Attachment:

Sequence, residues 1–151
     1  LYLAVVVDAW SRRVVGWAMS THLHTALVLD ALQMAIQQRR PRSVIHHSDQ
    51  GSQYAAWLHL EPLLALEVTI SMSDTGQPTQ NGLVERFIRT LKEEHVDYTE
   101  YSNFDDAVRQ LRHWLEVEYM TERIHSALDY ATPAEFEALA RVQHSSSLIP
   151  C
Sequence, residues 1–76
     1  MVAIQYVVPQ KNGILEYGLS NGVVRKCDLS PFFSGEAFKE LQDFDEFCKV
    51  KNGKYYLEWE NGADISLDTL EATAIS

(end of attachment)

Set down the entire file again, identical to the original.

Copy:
Sequence, residues 1–151
     1  LYLAVVVDAW SRRVVGWAMS THLHTALVLD ALQMAIQQRR PRSVIHHSDQ
    51  GSQYAAWLHL EPLLALEVTI SMSDTGQPTQ NGLVERFIRT LKEEHVDYTE
   101  YSNFDDAVRQ LRHWLEVEYM TERIHSALDY ATPAEFEALA RVQHSSSLIP
   151  C
Sequence, residues 1–76
     1  MVAIQYVVPQ KNGILEYGLS NGVVRKCDLS PFFSGEAFKE LQDFDEFCKV
    51  KNGKYYLEWE NGADISLDTL EATAIS